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The Marrs & Henry Law Blog provides informative updates about timely and industry related subject matters.

Make Your Company’s Holiday Party Merry, and Without Headaches

December 5th, 2019

‘Tis the season for celebrating with holiday parties, lunches and happy hours. Over the coming weeks, businesses will gather their teams to celebrate the holidays and the conclusion of what was hopefully a successful year. Company parties are a great opportunity to foster camaraderie, to show appreciation to staff or clients, and to celebrate your

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Advance Waivers Are Unenforceable

July 16th, 2019

Most of us have signed one; nearly all of us have at least seen one.  The Little League asked for one before it would allow your child to play; the high school football coach sent one home with your son; your recreational softball league wants every member of every team to sign one. Yet waivers

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Marrs & Henry’s Top 9 Tips for Depositions

June 26th, 2019

Depositions are often the most anxiety-inducing aspect of the litigation process.  A deposition is commonly used to force the opposing party, or non-party witnesses, to answer questions under oath.  Some of the questioning may be only investigatory, while much of it may be openly antagonistic. The depositions are recorded by a court reporter’s transcription, and

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“Can I Get My Lawyer’s Fees Back?”

June 5th, 2019

It’s probably the most commonly asked question during initial discussions with anyone considering filing, or having to defend against, a lawsuit:  “Once I pay my lawyer, can I get that money back from the other side?” The answer is often a surprising “no.” The legal system in many countries, including England, operates on the principle

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Patrick Henry is Super – Again!

April 23rd, 2019

For the sixth year, Super Lawyers magazine has honored Patrick Henry as one of Virginia’s “Rising Stars” in the field of business litigation. Super Lawyers selects its honorees using a patented multiphase selection process, in which peer nominations and evaluations are combined with independent research. The “Rising Stars” selections are limited to less than 2.5%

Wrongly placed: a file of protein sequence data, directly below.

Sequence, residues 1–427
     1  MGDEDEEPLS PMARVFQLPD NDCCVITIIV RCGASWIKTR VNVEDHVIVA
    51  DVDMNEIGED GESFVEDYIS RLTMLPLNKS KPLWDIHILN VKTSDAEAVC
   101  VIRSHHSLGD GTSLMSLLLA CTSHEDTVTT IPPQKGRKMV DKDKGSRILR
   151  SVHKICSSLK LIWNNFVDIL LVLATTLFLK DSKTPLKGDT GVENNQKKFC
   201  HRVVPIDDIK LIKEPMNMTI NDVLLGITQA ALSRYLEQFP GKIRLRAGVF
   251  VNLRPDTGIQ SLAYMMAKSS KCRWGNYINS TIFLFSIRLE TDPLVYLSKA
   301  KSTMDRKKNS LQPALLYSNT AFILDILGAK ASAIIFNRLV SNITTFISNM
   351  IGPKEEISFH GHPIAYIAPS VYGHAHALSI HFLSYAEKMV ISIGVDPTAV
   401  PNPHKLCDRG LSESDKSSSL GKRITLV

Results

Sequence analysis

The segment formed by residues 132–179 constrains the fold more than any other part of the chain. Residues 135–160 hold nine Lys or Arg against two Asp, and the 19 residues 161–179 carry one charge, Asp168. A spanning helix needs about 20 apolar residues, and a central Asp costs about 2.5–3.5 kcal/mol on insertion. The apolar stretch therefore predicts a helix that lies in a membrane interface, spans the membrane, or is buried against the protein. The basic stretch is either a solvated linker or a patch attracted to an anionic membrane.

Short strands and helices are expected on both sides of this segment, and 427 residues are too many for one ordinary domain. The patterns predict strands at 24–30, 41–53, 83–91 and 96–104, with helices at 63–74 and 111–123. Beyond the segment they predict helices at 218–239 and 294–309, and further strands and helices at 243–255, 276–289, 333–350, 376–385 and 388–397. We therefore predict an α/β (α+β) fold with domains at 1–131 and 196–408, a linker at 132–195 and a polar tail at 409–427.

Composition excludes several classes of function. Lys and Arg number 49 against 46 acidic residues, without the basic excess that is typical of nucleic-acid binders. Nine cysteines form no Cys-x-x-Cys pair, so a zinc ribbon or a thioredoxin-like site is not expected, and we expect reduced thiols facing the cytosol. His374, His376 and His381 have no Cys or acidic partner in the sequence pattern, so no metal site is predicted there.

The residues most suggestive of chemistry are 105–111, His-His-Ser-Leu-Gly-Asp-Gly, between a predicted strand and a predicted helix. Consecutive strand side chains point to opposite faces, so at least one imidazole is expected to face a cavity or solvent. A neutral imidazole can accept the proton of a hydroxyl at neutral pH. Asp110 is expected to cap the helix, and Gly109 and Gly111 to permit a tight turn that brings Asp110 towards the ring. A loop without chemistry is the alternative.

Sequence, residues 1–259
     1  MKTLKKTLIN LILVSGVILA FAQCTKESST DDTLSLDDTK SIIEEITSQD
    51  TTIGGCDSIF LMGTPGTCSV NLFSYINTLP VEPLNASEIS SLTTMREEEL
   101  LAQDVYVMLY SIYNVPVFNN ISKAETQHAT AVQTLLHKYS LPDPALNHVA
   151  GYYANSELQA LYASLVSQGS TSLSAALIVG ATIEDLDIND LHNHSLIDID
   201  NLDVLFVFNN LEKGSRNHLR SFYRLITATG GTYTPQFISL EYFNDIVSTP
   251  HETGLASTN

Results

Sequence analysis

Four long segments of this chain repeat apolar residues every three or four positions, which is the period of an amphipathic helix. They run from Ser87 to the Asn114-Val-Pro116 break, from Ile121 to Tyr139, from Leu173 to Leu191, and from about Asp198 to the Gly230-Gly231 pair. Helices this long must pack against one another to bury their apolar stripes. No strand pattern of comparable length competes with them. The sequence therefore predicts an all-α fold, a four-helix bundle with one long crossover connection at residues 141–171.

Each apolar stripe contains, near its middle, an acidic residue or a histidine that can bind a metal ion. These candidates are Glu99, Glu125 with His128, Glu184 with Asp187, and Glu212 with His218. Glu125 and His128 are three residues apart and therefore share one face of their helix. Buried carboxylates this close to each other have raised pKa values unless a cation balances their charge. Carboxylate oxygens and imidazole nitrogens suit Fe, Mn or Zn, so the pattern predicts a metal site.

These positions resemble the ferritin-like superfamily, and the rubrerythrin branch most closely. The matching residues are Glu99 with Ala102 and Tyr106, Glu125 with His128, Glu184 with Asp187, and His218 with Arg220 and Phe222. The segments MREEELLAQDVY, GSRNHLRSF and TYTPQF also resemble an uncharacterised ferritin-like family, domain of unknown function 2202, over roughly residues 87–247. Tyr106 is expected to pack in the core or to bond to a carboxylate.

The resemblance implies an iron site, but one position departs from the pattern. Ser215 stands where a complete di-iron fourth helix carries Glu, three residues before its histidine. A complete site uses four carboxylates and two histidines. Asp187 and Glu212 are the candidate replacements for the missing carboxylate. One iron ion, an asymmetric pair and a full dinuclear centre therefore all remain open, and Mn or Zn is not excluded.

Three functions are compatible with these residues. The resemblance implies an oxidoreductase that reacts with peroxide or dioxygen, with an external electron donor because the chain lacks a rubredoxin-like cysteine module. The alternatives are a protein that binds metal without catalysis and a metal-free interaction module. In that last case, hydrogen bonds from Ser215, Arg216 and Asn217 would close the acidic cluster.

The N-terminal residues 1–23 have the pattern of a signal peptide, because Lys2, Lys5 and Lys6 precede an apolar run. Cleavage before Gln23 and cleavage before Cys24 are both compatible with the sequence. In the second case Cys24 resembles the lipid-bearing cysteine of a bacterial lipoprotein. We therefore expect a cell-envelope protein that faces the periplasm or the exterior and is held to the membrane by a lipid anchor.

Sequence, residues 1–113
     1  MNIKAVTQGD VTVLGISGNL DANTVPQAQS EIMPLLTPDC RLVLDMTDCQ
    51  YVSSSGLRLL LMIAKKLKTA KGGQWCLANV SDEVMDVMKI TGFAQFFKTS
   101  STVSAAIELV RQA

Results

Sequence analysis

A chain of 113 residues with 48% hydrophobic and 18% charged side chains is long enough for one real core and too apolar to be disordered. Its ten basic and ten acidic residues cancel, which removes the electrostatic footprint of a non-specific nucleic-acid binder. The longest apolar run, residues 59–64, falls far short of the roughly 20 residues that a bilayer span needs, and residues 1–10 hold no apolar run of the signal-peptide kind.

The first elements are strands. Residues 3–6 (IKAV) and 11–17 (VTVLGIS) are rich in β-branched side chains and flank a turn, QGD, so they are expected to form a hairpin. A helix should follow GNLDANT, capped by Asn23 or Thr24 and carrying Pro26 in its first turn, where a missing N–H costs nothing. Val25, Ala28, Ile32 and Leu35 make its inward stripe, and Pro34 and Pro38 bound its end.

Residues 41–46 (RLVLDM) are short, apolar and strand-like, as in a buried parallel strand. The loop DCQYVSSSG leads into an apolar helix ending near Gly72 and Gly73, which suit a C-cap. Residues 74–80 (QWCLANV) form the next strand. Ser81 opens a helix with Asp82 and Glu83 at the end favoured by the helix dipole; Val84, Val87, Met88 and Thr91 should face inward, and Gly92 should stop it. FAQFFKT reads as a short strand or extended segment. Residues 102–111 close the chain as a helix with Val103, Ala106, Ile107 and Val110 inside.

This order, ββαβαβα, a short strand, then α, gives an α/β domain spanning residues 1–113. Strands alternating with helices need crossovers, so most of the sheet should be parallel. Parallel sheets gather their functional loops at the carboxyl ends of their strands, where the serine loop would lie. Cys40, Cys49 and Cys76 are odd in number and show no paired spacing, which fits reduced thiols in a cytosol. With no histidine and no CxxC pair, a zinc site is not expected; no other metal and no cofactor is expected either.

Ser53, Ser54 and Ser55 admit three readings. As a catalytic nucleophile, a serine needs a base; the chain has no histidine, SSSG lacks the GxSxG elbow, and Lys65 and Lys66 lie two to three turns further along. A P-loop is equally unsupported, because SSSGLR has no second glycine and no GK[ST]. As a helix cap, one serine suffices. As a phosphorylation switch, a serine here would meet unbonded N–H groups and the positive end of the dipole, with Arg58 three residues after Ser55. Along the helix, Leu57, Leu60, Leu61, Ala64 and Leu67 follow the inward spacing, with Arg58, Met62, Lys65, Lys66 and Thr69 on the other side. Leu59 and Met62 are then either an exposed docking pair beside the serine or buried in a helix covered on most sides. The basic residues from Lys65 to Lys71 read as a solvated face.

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Labor Department Proposes New Rules: The Importance of Employee Classifications

March 21st, 2019

On March 7, 2019, the Labor Department released a revision of its previously abandoned, 2016 proposed rule changes governing overtime qualification.  Currently planned to take effect January 1, 2020, the changes are expected to add over a million workers to the ranks of those for whom overtime pay will be required.  The proposed changes include

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Is your website a potential target for an ADA Complaint?

February 5th, 2019

Nearly 30 years after its passage, the federal Americans with Disabilities Act continues to grow in scope and use, even without legislative additions.  For its first few decades, the ADA was used principally to raise employment discrimination claims, and to challenge the accessibility of business facilities.  But advocates for the disabled continue to innovate in

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Foot Dragging Can Now Be Fatal

January 7th, 2019

For many years, the rules governing lawsuits in our state courts generally provided that if an opposing party failed to respond to written discovery requests, the party seeking discovery could ask the trial judge to order compliance.  More strenuous relief, like getting the noncompliant party’s case dismissed or its defenses barred, had to wait until

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Does your contract comply with DPOR regulations?

September 18th, 2018

A well-drafted contract is essential to the operation of any business.  But even when a business owner acts prudently and retains a lawyer to draft a contract form, later changes in the law may make that contract non-compliant with evolving law and regulations.  For this reason, forms should be reviewed every so often. Changes adopted

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Tips for Employers Considering Use of Non-Compete Clauses

July 24th, 2018

While many employers routinely include post-termination restrictions on employment in their written employment agreements, Virginia’s courts have historically treated non-compete clauses as restraints of trade.  For this reason, they begin with a presumption of unenforceability.  But that presumption can be overcome, and the non-compete enforced, if the employer can demonstrate that its particular clause was

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